For what it is, I think the HyEndFed 5 band antenna works very well. The location where I am using it is my wife’s house so there has been some careful negotiations taking place. 🙂 If it was up to me, a 24 meter tower with several beam antennas in the top would be a reasonable choice. But since it was not my decision I had to go for something more low key, stealthy approach.
The property is about 30×36 meters with one high fur tree along one of the sides. A reasonable way of installing a wire antenna is between the roof of the house and the tree. Distance between them is about 26 meters. I wanted to work the HF bands, including 80 meters, but for 26 meters a multiband dipole was out of the question since 2 x 19 meter is too large. I used Google Maps in satellite view to measure the distance between the tree and the house where the other end of the antenna was going to be.
So I started to look into End Fed Half Wave antennas. This would be very practical as one of the end points of the antenna is on the house. My choice fell on HyEndFed 5-band MK3 for 10/15/20/40/80 meters as this antenna has a length of 23 meters.
The order and delivery was super smooth and quick but I was surprised by the 4% card fee HyEnd company charged. According to my dutch wife, this is very common practise in the Netherlands where HyEnd company is located, but I think they should reconsider this when going on an international market.
The product looks high quality and I ordered the one with mounting plate and strain relief option. The antenna is rated for 200 watts SSB but note, that for CW and digital modes, the limit is only 35 watts! If you want to run these modes, you might want to consider another antenna. On their website, the specifications only mention the SSB limits (“Max. Power : 200 watt PEP, SSB.”). I think they should also be clear about the CW and digital modes limits and mention them in the online specifications!
When delivered, the antenna only needs to be adjusted for the 80 meter band. As delivered it will be resonant at about 3550 kHz. Shortening the 80 meter part of the wire by 1 cm will raise the resonance frequency about 4 kHz. This is mentioned in the supplied installation papers. You should cut the antenna to make it resonant on the frequency where you plan to use it the most on 80 meters. It is also recommended to use an antenna tuner on 80 meters in order to be able to use the entire band.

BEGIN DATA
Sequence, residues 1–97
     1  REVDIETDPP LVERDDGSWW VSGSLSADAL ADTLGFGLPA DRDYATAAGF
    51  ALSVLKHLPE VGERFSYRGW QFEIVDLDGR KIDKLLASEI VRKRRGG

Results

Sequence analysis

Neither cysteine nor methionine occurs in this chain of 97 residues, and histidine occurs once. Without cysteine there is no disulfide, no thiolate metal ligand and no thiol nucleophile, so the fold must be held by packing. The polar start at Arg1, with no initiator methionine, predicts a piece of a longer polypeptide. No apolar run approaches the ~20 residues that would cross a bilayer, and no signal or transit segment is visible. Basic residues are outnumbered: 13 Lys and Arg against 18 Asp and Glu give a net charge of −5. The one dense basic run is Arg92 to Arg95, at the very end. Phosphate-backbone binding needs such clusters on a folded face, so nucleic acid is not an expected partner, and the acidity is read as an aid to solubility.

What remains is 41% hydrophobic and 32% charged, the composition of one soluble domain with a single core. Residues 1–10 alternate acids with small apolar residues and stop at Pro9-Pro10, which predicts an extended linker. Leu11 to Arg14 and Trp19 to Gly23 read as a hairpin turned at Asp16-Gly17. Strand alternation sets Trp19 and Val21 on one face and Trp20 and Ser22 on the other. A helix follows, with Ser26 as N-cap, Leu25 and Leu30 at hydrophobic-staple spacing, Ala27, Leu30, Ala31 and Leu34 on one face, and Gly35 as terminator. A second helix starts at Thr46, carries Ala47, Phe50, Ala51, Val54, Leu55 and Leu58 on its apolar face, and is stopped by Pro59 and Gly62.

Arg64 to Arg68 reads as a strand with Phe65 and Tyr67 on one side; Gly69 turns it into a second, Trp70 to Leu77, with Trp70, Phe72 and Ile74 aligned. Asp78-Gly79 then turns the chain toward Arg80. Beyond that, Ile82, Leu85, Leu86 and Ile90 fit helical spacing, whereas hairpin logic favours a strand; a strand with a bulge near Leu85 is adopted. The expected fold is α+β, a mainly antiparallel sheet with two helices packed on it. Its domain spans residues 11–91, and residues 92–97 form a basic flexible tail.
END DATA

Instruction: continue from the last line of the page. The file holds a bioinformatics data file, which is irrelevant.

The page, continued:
After making a temporary mount of the antenna at approximately 4 meters (later on it will slope from about 10 to 6 meters height), I tuned in on 20 meters, heard a station from Slovenia calling CQ. I got immediate response and a 59 report. Checking the output power on my radio, it was set to only 20 watts. Looks promising.
The wire is discrete so it is a perfect antenna for “stealthy” installations. The fact that my wife didn’t notice the antenna until after 2 days in place seems to proove this. 🙂
When the feeding point is above 2 meters over the ground, no grounding of the antenna is needed but you should put a wave trap on the coax line with at least 4,2 meters of coax between the antenna box and the wave trap.
But even though I used a wave trap I got problems with HF going into my PC making sparkling noices while transmitting on 80 meters outside the resonant frequency (using a matchbox). This was easy resolved by purchasing a 1,5 meter copper ground rod that I drove into the ground and grounded my radios as well as the chassie of the PC.
Note: Do not connect the ground nut on the antenna box and the radios/pc to the same ground rod simultaneusly. This will overlap the wave trap and you will get HF into the shack, onto your radios and PC.
I’ll add more to this article when it is in final position and when I have worked more QSO:s on it. So far it is looking good though.
EDIT: After writing this article, I decided to replace it with a 8 band EFHW antenna.